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Recording and Selling Your Music

Updated on July 9, 2015

Recording and selling your music is easier than it used to be years ago. The first thing you want to do is get a list of songs about 10 of them together and do a lot of practicing. Next when you have all your songs ready to record, go to a recording studio, some studios are very expensive, others are not to bad, you can pay an average of 35.00 -150.00 per hour so. If its your first time try and find a studio that charges per day 400 bucks a day and it might take two days. You need to practice a lot at home before you record. I recorded my album in a three hour session, the recording studio guy said that was an amazingly fast recording the fastest he had ever done. I was very happy with not having to pay exuberant costs for hours of recording and in turn I had produced a nice album to take home.

If you are a band, there is a lot more work to do. I play the flute and sing so it was easier for me. What they do is lay the music track down first and then you sing. For bands you want to be professional and have a get it done attitude. Do not talk, try and get your tracks down quickly. Time is money in this situation , everyone in the band should know that. The average time for recording with a band is 10 to 50 hours so be ready to pay some big money if you aren't ready. You must be able to play each song 10 times without mistakes! Absolutely no fooling around, You can record in a cheap studio first and then go to a high end one to record again too.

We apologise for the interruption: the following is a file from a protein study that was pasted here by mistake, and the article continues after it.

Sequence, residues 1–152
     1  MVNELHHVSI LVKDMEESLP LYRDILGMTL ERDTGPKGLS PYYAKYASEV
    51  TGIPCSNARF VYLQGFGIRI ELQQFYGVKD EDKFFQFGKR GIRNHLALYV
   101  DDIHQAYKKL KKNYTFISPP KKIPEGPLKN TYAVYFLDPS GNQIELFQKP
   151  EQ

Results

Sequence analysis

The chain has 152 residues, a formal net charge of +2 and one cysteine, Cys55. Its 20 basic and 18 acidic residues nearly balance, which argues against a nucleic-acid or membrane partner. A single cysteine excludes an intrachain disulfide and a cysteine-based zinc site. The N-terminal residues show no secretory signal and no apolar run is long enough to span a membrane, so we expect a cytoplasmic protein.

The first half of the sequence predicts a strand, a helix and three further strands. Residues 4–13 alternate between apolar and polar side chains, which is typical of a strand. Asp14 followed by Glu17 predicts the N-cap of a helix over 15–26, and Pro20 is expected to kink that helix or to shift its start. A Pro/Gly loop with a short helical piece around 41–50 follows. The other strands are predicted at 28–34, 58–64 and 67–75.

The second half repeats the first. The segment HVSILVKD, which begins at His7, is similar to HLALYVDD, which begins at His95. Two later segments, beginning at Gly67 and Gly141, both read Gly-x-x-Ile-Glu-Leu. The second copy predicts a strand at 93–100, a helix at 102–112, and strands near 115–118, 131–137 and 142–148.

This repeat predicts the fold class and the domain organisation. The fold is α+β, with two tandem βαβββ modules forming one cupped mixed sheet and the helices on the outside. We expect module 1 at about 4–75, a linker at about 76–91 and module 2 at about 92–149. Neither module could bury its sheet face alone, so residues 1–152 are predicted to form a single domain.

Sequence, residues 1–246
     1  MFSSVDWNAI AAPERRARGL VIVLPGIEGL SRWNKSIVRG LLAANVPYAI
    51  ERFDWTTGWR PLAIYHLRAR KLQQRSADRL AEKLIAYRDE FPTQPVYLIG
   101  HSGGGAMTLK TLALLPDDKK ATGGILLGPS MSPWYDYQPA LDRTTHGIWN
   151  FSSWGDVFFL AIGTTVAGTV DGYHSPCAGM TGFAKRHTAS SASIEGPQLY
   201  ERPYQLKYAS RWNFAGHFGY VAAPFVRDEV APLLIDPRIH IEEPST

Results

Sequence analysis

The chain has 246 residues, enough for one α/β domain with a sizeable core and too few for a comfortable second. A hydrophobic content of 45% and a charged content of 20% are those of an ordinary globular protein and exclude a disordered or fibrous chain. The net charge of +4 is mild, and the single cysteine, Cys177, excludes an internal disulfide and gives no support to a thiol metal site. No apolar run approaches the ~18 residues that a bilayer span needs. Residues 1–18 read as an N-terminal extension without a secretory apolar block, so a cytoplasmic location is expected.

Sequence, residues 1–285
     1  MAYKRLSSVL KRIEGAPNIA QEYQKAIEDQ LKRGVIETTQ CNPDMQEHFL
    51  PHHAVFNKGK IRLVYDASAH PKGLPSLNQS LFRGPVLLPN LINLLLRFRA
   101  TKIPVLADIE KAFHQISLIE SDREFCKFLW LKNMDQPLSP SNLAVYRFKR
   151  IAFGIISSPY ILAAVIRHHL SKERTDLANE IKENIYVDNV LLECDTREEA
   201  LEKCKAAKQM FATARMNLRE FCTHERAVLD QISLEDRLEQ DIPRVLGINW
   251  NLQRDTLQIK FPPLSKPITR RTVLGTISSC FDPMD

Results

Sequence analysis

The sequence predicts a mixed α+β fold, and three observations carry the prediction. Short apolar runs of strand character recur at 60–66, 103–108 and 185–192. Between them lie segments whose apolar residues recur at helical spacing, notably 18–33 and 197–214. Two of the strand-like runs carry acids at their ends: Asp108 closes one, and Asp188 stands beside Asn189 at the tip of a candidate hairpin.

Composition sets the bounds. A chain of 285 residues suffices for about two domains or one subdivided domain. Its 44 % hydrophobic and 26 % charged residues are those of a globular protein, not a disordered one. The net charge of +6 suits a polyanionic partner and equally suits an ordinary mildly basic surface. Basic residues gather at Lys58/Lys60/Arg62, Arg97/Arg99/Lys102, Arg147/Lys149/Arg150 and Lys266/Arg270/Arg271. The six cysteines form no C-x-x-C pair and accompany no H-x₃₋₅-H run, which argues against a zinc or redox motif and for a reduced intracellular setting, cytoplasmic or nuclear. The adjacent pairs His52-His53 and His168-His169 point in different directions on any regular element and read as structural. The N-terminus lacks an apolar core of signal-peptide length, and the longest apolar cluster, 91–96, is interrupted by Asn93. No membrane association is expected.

It's a very time-consuming process, and most newbies don't know that, so they go in, expecting to spend a few hours to get a song or two down, and they are quickly in over their heads. There are lots of reasons, mostly though, it's the multi tracking-overdub process, which is what you always do when recording. Here are some things that take a lot of time up, and things you can do to be more time-efficient and speed things up a bit:

  • Getting a good drum sound takes a long time. Like 45 minutes is not unusual at all. I'm not kidding. You want more of a 'dead' sound than you're used to, so have your drummer mute the toms and kick heads, with pads and gaffers tape (the 'ambient ring' will be added later with re-verb).
  • The way you record is, you lay down your rhythm track first: drums, bass, guitars (and keyboards if you have a keyboard player). No vocals yet. So memorize and rehearse your songs NOW this way (with no singing at all), because the first time you try to get through the song in the studio without vocals to let you know where you are, you'll be going "is this the second or third verse? Where the heck are we?" and someone's going to get lost. Then you do overdubs, one at a time - extra guitars/solos, vocals, etc.
  • Power up and listen to each instrument to see if there's hum, buzzing. Because if there is, it's gonna show up, and the engineer is going to stop everything to try to figure out where it's coming from, eating up even more of your money. Fix and get good cables before recording, get these guitar cables, bad tubes fixed before you go into the studio.

Best of luck to you!

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  • almasi profile image

    almasi 6 years ago

    Thanks. I love the tip of practicing without vocals first. Good luck on your album too.